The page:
In Round 4, Latto won the bid to take Carthage for 2 PCs and then played Syracuse early only to have it sacked on turn 5. Pei’s Africanus died and Philip joined Carthage on turn 7. Hannibal was killed on turn 7, and Latto resigned in turn 8. McCulloch’s Romans sacked Syracuse on turn 8 despite never seeing Marcellus, but in the end, he was down two provinces and resigned to Trimmer. Tucker’s Carthaginians sacked Massilia in turn 4 and DE’d Sosa’s Nero in W.Numidia in turn 6. Philip defected in turn 7, but Syracuse allied in turn 8. Two intercepted messengers in the final turns kept the game close, but Tucker won by a 9-9 province count. Rome and Carthage split the round 3-3.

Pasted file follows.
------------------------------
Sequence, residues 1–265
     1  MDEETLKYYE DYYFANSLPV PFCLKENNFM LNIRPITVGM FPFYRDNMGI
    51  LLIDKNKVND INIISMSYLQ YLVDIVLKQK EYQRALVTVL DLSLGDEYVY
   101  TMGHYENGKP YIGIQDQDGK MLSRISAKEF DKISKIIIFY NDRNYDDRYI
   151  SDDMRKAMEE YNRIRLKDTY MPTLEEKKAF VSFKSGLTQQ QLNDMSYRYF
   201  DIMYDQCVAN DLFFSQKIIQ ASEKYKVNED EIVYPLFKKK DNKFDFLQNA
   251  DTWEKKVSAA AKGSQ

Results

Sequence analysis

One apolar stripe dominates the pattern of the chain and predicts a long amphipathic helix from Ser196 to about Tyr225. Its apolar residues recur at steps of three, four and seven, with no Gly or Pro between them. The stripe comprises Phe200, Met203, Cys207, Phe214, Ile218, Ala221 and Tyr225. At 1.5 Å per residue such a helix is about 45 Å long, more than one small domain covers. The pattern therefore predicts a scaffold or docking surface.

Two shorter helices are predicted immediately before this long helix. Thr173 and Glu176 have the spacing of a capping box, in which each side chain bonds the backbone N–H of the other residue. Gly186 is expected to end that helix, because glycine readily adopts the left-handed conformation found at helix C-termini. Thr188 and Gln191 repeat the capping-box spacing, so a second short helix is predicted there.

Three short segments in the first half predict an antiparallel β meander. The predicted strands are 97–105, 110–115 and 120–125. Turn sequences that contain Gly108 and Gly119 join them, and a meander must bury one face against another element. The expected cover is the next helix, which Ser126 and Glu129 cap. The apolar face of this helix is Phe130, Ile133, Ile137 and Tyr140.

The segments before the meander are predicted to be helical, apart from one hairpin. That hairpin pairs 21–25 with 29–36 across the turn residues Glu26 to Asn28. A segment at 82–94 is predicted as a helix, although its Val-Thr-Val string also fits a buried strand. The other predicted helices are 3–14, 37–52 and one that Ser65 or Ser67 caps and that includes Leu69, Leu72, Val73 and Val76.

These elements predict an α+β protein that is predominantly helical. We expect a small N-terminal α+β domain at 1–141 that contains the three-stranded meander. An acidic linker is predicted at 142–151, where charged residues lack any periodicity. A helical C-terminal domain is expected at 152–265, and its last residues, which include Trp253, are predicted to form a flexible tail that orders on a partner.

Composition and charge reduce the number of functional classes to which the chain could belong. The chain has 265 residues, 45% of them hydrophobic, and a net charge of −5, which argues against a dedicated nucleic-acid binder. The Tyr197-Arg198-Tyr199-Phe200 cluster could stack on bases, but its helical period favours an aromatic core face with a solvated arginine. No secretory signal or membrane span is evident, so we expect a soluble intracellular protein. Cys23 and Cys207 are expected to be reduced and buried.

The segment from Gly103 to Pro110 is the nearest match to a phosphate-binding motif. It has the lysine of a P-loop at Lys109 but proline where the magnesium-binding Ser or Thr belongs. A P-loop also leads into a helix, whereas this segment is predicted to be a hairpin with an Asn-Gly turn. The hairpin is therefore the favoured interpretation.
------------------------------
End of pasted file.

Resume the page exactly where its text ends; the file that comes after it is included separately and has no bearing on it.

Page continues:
Round 5 began with only one undefeated player remaining, but James Pei was reminded that the tournament was full swiss and he had to play another round, and win, to claim the Wood. Based on strength of opponents faced, the best 3-1 record was held by Sean McCulloch, earning him a shot at the Wood against Pei. Twelve other players returned to play for a shot at lower prizes, including the coveted Sand Plaque for sixth place. Once again, Tucker bid 3 to play as Carthage, leading Trimmer to take the Balearics, which would gain him 3 CUs during the game, including 1 CU at Carales at a key moment during the fight for Sardinia. During turn 6 battles around Syracuse, Hannibal DE’d and killed Africanus, then fights three battles against Marcellus, ending in DE defeat of Marcellus. On turn 7 a new Marcellus is chased out of Idubeda by Hasdrubal and then on turn 9 he dies on the beach at Panormus, leaving Tucker a 9-7 victor and the winner of the 2nd place plaque due to the strength-of-opponent tie breakers among all the 4-1 players. Chris Byrd survived a turn 9 messenger interception to secure 3rd place by beating Latto’s Carthaginians 9-8. Steve Bachman, winning all his games after his first-round loss, secured 4th place by defeating Aaron Byrd’s Romans by a 9-8 province count. In the decisive game, McCulloch bid 2 to play as Carthage against Pei. McCulloch got a good start with a turn 2 DE destruction of P.Scipio’s army. Turn 4 went in favor of Pei’s Rome with an exceptional hand of strategy cards, including Messenger Intercepted, Diplomacy, and Celtiberia Revolts. On turn 6, Africanus and Marcellus trapped and killed Hannibal in Samnium, leading to McCulloch’s resignation. This dropped McCulloch to 3-2 and into fifth place. The last game to finish would determine whether Latto or Wagner would earn the Sand Plaque. Latto rooted for Sosa’s Romans, but in a tight-fought game, Wagner won with a 10-8 advantage when Sosa resigned in turn 9. In this round the Romans won four out of seven games, the only round won by Rome. Four of the 2019 Laurelists repeated. Most significantly, we now have our first threepeat champion, James Pei. To both those who played and those who could not make it here this year, may all your omens lead you to Seven Springs in 2023 for another great tournament.